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A linear transformation f is a transformation maintaining the following two properties:

Any linear transformation can be represented using a matrix multiplication with a vector.

Any linear transformation splits the n-dimensional space V into k f-invariant subspaces – direct sum of which returns the original space, V. These subspaces show eigenvector-like property i.e. when any vector from such a subspace is transformed using then

where is a scaler value. Now, when all these f-invariant subspaces are one-dimensional, then the basis vector of each such one-dimensional vector is called an Eigenvector of the transformation .

These subspaces are actually Nullspace where is the minimum polynomial of .

Notice that if the factors of

*m(f)*are linear and distinct then kernel (or Nullspace) of each factor of*m(f)*is a one dimensional subspace (i.e. it has only one vector as basis). This vector is known as the eigenvector of the transformation*f*. If the transformation,*f*is expressed in terms of these eigenvectors (refer to change of basis theorem), it (the transformation*f*) will be turned into a diagonal matrix. That is why, matrices having distinct linear factors in its minimum polynomial is called a diagonalizable matrix.If the factors are not distinct (i.e. like this, where > 1) then is the zero map on that ith invariant subspace. But for any power less than it will not be a zero map. From this phenomena, a new kind of transformation matrix is formulated – nilpotent matrix. It is defined as a matrix (or linear mapping/transformation)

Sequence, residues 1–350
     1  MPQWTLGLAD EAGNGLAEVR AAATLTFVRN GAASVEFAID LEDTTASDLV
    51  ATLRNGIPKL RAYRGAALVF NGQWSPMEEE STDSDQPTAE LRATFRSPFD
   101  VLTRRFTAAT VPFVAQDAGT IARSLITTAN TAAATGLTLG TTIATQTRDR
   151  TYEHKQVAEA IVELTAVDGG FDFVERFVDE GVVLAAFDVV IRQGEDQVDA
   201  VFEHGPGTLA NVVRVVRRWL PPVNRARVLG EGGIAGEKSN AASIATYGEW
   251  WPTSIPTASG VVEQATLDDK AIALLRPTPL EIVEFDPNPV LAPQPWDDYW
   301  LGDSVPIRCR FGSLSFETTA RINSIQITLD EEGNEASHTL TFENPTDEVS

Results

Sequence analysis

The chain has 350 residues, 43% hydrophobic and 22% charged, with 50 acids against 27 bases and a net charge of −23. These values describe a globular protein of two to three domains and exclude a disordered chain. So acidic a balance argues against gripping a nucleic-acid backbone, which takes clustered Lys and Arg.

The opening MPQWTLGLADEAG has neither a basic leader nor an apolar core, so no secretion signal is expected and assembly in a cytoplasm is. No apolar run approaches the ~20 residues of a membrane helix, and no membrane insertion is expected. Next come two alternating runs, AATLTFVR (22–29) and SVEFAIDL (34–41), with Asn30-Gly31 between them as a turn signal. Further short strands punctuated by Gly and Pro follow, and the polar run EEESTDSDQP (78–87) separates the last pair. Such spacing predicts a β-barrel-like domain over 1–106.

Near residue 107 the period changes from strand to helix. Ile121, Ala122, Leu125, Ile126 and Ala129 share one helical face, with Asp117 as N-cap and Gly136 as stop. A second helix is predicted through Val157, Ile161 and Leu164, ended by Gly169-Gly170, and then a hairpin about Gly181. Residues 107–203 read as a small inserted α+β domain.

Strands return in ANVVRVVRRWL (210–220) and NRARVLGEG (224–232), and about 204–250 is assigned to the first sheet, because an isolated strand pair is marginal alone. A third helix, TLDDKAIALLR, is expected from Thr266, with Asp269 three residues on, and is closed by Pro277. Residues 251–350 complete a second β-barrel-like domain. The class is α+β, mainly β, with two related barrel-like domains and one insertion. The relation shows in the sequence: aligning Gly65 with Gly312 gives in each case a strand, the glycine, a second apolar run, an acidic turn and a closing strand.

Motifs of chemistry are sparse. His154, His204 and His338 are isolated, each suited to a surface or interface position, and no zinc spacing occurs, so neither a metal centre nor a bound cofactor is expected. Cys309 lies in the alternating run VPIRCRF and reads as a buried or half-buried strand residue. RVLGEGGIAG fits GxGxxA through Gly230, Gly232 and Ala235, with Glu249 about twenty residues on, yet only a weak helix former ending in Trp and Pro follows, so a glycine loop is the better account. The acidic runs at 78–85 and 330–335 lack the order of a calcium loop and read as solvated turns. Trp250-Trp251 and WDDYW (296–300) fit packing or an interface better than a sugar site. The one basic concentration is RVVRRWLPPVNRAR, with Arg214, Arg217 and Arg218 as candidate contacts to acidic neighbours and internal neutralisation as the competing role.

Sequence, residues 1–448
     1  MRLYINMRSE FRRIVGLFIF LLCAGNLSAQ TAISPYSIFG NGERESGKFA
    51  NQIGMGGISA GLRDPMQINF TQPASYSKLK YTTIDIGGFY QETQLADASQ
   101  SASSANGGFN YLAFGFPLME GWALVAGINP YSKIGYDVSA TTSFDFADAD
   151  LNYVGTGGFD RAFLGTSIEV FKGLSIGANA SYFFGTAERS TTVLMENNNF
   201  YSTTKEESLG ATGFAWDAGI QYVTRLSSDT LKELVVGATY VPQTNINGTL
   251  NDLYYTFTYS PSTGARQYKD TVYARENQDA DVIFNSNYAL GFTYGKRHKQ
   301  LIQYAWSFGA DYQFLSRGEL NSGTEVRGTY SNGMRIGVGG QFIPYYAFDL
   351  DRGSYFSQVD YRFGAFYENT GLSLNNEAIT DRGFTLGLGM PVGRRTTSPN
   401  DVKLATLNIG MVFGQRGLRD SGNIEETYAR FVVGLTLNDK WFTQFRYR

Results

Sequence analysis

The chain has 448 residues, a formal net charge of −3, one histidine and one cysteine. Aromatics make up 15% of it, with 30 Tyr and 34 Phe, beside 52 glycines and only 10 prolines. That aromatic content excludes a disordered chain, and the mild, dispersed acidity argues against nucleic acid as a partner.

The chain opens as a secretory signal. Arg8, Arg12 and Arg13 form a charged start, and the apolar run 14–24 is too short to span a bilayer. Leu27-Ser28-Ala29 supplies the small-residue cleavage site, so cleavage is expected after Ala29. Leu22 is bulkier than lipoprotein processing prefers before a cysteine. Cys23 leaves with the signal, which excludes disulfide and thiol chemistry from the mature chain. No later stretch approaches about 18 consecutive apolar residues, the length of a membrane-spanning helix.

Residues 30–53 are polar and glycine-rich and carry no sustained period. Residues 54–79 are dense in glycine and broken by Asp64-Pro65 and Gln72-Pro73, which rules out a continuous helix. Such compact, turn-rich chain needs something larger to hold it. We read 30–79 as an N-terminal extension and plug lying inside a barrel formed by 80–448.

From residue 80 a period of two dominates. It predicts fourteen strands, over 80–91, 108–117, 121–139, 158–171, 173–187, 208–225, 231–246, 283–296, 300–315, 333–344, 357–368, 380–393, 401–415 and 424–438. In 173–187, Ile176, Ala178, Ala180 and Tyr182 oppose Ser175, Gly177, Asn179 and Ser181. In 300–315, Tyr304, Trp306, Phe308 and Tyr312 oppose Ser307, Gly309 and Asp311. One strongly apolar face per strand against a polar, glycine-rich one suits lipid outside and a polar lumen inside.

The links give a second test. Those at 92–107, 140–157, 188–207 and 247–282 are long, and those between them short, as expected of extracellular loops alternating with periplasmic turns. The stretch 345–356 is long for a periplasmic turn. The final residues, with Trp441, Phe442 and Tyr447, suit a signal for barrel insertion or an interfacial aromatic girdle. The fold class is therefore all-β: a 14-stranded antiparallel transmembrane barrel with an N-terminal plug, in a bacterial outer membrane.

*f,*where for a positive integer m.For any Nilpotent Matrix there exists an ordered basis with respect to which it (the Nilpotent Matrix) becomes a strictly upper triangular matrix.